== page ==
Major League Baseball (MLB) has reached a five-year agreement with the MLB Players Association (MLBPA) in order to end the second-longest stoppage in its history.
The season will now begin on 7 April when it had originally been scheduled to start on 31 March but after initial talks failed to reach an agreement the first two matches of the season were cancelled. The lockout had lasted 99 days before the agreement was reached on Thursday evening.
MLB Commissioner Rob Manfred said “I know that the last few months have been difficult. There [was] a lot of uncertainty at a point in time when there's a lot of uncertainty in the world.” He added that he was “genuinely thrilled” that an agreement had been reached. "One of the things that I'm supposed to do is promote a good relationship with our players. I've tried to do that. I think that I have not been successful in that. I think that it begins with small steps." Manfred said.
MLB Players' Association director Tony Clark said “Our union endured the second-longest work stoppage in its history to achieve significant progress in key areas that will improve not just current players' rights and benefits, but those of generations to come.”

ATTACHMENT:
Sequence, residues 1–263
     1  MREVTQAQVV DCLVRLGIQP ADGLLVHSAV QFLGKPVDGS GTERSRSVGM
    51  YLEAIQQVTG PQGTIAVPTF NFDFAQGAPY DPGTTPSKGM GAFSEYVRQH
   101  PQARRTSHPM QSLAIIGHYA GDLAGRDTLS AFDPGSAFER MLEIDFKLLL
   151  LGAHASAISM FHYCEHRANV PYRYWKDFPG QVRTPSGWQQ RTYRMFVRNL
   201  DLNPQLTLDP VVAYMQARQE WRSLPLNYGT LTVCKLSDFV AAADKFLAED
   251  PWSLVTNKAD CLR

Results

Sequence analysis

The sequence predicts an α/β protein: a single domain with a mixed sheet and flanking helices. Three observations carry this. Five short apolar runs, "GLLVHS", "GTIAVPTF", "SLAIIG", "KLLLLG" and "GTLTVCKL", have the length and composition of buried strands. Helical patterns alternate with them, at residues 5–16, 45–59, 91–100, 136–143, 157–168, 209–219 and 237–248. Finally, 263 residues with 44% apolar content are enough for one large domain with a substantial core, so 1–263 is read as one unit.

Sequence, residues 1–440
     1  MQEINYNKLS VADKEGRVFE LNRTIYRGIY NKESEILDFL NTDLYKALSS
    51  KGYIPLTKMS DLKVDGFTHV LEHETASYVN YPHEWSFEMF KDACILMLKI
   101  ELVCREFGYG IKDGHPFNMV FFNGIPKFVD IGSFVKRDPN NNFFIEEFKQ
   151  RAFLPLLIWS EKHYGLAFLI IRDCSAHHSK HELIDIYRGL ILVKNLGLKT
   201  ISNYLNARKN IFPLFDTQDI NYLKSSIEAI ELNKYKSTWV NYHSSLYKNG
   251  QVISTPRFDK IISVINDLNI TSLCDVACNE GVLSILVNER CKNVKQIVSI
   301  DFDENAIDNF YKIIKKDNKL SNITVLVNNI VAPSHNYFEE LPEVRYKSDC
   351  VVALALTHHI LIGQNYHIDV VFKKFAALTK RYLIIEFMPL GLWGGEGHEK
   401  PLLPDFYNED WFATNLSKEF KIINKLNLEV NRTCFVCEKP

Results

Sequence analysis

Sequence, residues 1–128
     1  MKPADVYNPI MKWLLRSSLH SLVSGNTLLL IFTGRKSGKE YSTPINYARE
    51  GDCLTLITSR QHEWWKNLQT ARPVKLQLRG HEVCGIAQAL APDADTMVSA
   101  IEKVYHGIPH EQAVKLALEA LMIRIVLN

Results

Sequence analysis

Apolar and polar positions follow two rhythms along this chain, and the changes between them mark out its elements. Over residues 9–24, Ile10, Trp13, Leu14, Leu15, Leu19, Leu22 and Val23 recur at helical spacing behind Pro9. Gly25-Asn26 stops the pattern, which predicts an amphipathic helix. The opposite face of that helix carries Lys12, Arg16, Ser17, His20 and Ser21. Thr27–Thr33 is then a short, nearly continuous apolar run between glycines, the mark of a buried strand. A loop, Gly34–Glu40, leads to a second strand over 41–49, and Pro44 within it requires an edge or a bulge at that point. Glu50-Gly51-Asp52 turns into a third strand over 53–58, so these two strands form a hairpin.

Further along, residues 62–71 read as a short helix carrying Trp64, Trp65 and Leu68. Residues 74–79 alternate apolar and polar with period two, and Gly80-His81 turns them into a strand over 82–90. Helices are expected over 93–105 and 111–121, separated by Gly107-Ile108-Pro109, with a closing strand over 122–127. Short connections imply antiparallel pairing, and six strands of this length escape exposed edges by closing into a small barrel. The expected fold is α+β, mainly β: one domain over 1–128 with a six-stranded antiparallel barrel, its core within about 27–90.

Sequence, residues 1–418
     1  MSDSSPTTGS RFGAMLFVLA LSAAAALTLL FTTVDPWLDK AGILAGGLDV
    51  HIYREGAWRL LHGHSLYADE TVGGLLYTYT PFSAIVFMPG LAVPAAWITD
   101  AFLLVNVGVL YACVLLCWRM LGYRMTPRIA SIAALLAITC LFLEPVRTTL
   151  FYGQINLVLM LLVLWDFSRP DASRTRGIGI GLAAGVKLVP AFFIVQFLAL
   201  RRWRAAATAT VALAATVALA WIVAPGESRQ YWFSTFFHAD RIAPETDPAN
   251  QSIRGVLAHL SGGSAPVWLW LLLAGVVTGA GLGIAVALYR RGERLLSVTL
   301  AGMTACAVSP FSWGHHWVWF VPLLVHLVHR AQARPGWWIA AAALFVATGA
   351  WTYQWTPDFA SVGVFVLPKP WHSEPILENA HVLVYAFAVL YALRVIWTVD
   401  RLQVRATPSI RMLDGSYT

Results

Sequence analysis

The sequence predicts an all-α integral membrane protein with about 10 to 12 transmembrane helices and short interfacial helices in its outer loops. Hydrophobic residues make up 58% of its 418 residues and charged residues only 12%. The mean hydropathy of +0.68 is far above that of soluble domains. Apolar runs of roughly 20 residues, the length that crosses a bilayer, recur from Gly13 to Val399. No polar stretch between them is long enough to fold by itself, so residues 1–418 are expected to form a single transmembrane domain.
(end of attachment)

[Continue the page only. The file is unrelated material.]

The originally cancelled games have now been rescheduled so that the complete 162 game season will be achieved but the season will finish later than usual. The agreement will see increased minimum salaries for players and a more even split of revenue between players and team owners.
The new five-year CBA includes:
increased minimum salaries
a new pre-arbitration bonus pool to reward the top young players in the game
a raise in competitive balance tax thresholds
the introduction of a universal designated hitter
the widest-ranging Draft lottery in pro sports
a system to prevent alleged service-time manipulation and,
limits on the number of times a player can be optioned in a season to address concerns regarding “roster churn.”
The minimum salary rises from $570,500 to $700,000 this year, a 22.7 per cent rise that is the highest since 2003, with $20,000 annual increases each season.
A new $50 million bonus pool was established for players not yet eligible for arbitration, a way to boost salaries for young stars.
The luxury tax threshold rises from $210 million U last year to $230 million this season, the largest yearly increase since that restraint began in 2003. The threshold rises to $244 million by 2026, a loosening for the biggest spenders such as the Yankees, Mets, Dodgers and Red Sox. The 3 per cent annual growth is well over the 2.1 per cent during the expired contract and the 1.2 per cent in the 2011 deal.
To read the MLB’s statement please click here.